St Christopher

Benyounes Quartet
Event 9
Friday October 18th, 8.00pm 
Little Missenden Church

Britten-centred string quartets
Robert Saxton
String Quartet no 3
Franz Schubert
String Quartet in E flat major, D87
Frank Bridge
Three Idylls
Benjamin Britten
String Quartet no 3, op94

This is an archived event from the 2013 Programme.

BENYOUNES QUARTET:  Zara Benyounes violin  Emily Holland violin  Tetsuumi Nagata viola  Kim Vaughan cello

Britten’s five-movement 3rd quartet is one of his finest achievements and his last significant composition; the work of a dying man, too weak to finish writing the score himself.  The Amadeus Quartet gave him a private performance, but he died before the première.  An extract from the Amadeus performance of the 3rd quartet appears in Tony Palmer’s film Nocturne (Event 10).

Themes from the recently-completed opera Death in Venice flow into the work, which was partly written in Venice.  The sparely-scored music is suffused from the first bars with the gentle lapping of lagoon water, quite unlike the harsh sea in Peter Grimes.  Although sometimes bleak or angry, it radiates a transcendent serenity and stillness imbued with the intense clarity of the Venetian light.  In the last movement, a hypnotic and luminous passacaglia, Britten finally seems to have made peace with death.  Norbert Brainin said, “Ben wrote his own death”.

There’s more Britten in Event 4 and Event 12.  In tomorrow’s post-film discussion Robert Saxton will give his memories of Britten, who gave him advice and encouragement in his youth.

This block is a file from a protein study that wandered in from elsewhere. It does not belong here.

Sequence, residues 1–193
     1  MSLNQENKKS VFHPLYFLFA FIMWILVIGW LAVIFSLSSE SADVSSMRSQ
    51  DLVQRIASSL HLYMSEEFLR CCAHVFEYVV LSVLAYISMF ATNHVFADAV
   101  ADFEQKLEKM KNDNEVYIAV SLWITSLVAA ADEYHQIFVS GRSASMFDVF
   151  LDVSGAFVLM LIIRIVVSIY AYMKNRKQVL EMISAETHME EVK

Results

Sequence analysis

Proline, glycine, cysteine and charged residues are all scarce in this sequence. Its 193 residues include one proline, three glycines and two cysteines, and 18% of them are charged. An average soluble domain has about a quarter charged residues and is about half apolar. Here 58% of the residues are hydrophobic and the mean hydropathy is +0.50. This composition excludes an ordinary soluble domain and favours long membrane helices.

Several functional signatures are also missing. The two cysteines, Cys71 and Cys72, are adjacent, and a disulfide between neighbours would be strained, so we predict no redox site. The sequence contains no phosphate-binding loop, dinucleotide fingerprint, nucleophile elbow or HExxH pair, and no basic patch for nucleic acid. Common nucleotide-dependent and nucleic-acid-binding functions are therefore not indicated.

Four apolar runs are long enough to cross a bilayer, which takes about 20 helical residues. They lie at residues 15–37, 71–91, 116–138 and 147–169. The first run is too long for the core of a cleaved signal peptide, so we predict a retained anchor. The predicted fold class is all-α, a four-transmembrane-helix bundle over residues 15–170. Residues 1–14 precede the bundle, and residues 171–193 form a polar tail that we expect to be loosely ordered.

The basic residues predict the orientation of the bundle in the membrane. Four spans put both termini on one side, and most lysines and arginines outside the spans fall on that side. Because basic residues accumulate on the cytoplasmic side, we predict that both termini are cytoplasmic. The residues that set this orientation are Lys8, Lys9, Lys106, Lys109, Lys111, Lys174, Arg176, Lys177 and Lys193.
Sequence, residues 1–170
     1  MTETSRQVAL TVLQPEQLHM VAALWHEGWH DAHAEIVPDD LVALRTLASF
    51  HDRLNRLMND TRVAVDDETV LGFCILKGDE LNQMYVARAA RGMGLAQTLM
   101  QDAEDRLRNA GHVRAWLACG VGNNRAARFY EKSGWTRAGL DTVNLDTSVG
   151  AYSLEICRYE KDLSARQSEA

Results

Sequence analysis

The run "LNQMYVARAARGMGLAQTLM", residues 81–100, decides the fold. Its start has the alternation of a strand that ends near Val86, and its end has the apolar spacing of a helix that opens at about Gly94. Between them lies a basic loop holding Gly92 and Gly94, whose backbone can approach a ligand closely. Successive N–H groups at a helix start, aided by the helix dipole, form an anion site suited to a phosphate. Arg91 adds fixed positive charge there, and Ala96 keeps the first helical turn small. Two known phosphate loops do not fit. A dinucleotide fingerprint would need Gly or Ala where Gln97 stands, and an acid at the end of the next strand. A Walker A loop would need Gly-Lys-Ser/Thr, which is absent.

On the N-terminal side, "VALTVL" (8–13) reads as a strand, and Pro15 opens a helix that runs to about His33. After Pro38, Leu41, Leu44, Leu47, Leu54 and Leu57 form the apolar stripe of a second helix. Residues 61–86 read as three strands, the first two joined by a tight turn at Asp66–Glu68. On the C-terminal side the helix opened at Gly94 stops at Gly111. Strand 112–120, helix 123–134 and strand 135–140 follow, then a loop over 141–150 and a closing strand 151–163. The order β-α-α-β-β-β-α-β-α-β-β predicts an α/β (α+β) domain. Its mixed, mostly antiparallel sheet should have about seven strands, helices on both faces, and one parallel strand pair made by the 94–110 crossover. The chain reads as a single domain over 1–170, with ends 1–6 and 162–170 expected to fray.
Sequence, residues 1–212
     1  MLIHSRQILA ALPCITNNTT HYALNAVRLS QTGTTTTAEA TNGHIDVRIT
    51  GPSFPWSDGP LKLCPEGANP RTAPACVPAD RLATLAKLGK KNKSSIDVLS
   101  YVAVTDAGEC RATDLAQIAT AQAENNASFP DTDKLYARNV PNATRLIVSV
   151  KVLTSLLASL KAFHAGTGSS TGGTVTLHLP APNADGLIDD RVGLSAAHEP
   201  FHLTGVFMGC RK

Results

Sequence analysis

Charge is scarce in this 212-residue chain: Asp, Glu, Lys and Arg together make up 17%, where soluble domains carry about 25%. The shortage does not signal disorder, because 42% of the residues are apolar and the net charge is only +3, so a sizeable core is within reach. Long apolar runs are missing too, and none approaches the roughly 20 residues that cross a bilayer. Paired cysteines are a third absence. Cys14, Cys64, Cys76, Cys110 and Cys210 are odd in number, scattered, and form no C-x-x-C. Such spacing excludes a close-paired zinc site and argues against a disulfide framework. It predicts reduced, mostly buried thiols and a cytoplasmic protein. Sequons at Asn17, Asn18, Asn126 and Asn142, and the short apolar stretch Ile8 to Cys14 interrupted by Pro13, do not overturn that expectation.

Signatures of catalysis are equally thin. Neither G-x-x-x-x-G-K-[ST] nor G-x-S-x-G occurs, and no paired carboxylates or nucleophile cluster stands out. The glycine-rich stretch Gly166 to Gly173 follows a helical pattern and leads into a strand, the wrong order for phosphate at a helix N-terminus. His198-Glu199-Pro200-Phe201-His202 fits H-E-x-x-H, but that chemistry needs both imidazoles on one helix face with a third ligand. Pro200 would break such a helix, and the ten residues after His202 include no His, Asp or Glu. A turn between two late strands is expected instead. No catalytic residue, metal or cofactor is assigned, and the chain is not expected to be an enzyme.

But we now mark Robert’s own 60th birthday with his Third String Quartet, premièred to critical acclaim by the Arditti Quartet in 2011:  “a lovely kaleidoscope of harmony and texture” (Michael Church, Independent), and a “beautifully crafted work” that “should rush into the quartet repertoire” (Observer).  Its five movements chart a journey that takes in winter light, the sea and dance.

The delightful set of Idylls by Frank Bridge, Britten’s revered teacher, owes more to Debussy than English pastoralism. It has a richly expressive Adagio molto, a reflective Allegretto (with bluesy syncopations), and an animated Allegro.

Britten admired Schubert, who was only 16 when he wrote this E flat major quartet. But this is no mere prentice work – it’s attractive and confident, and thoroughly Schubertian, full of humour and good tunes, with a serene and sumptuously scored Adagio.

The Benyounes Quartet is one of the most impressive of the young British string quartets. Last year it won five prizes at the 1st International Sandor Vegh String Quartet Competition in Budapest.

Reviewers have been impressed.  The Times liked their “polish”, “tight ensemble” and “confident projection”. Others have talked of their “sureness of intonation” and “discipline”.

“Schubert’s Quartettsatz… emerged from a whispering, almost ponticello beginning into something thrillingly full throated ” (Tim Homfray, The Strad)

“They played here with passion and confidence: the ferocious virtuosic demands of the Bartok were negotiated with aplomb” (N H Reeve, Seen and Heard International)

For more information on the Benyounes Quartet click here.

Concert sponsored by Roy K Phillips